How Many Times a Week Should I Train My Legs?

Man focused on training legs on the machine
Hit the gym to work your legs. (Image: Sjale/iStock/GettyImages)

Because your legs contain some of the largest muscle groups in your body, training them can be energy-intensive and challenging. You need to stimulate the muscles to help them grow, but training them too much can be counterproductive, as that doesn't give them time to rest, repair and rebuild.

Train your legs muscles at least twice per week but no more than four times weekly on nonconsecutive days. How often you do train depends on the intensity of your session and your goals.

Leg Muscles

Your legs consist of four basic muscle areas — the quadriceps, hamstrings, glutes and calves. Many exercises used to train these muscles are compound exercises such as squats, lunges and deadlifts.

Including compound exercises in your training routine is a way to stimulate all four muscles with one exercise. However, one or two muscle groups are usually more dominant in certain exercises, such as the quadriceps during the squats, and hamstrings and glutes during the deadlift.

Training Goals and Experience

Because the legs are a large muscle area, it is common to train them just twice per week leaving 48 to 72 hours between workouts so they have time to recover for optimal muscle growth. This twice-per-week protocol usually applies to bodybuilders and power lifters who max out the amount of weight they use during squats; performing just six to eight reps in each of three to six sets at a workout.

However, if you're new to training or train for fitness, rather than size or power, you may train them up to four times per week on non-consecutive days. If you're sore from a previous leg workout, don't perform another leg workout even if it's on your workout plan. You'll benefit from the extra rest.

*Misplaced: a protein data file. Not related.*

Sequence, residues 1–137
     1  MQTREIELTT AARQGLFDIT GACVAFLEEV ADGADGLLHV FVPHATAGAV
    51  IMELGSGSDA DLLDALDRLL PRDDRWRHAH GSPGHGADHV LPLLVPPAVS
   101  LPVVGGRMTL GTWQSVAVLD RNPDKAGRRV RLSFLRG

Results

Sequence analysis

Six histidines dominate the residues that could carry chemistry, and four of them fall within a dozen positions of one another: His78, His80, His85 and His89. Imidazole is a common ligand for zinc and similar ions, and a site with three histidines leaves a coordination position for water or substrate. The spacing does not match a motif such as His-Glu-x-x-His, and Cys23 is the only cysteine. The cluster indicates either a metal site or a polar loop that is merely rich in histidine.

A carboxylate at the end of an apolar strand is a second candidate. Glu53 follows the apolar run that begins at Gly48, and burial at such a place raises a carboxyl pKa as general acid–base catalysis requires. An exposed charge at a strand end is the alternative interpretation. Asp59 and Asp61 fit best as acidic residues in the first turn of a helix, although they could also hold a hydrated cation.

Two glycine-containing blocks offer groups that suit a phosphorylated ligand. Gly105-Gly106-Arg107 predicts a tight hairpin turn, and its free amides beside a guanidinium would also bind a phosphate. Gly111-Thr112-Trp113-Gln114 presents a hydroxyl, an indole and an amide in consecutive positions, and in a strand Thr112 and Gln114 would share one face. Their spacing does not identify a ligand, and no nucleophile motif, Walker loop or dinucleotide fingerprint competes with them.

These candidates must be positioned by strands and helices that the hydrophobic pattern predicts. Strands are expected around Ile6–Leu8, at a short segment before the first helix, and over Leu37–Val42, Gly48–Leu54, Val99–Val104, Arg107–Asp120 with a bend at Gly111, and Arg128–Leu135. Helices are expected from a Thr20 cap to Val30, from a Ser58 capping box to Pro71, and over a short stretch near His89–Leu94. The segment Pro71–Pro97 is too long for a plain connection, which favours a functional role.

The reason why newer trainees or fitness enthusiasts can train more often has to do with the lighter weight load usually used at workouts. When you first begin a resistance workouts, you may use just your body weight or light dumbbells to progress your form and start the process of muscle development.

Fitness enthusiasts who aren't training for size usually use moderately heavy weights — around 50 to 60 percent of a one-rep maximum — for higher reps of 12 to 20 per two to three sets during training. These lighter weights aren't as taxing so your legs don't need as much of a recovery.

Light-Heavy Training Program

Implementing a light-heavy training program helps advanced weightlifters who have experienced training plateaus. The light-heavy program involves training legs twice a week.

Day one of your training would be your heavy day, during which you complete exercises using a heavy load for a lower repetition ranges such as six to eight reps per set at 75 to 85 percent of your one-rep maximum.

Train your legs again three or four days later using the same or different exercises. However, this time, use a lighter load for more repetitions, such as 65 to 75 percent of your one-rep maximum for eight to 12 reps per set.

This light-heavy method decreases the risk for overtraining and at the same time helps you break through a plateau.

REFERENCES & RESOURCES
Comments
PARTNER & LICENSEE OF THE LIVESTRONG FOUNDATION

Copyright © 2018 Leaf Group Ltd. Use of this web site constitutes acceptance of the LIVESTRONG.COM Terms of Use, Privacy Policy and Copyright Policy. The material appearing on LIVESTRONG.COM is for educational use only. It should not be used as a substitute for professional medical advice, diagnosis or treatment. LIVESTRONG is a registered trademark of the LIVESTRONG Foundation. The LIVESTRONG Foundation and LIVESTRONG.COM do not endorse any of the products or services that are advertised on the web site. Moreover, we do not select every advertiser or advertisement that appears on the web site-many of the advertisements are served by third party advertising companies.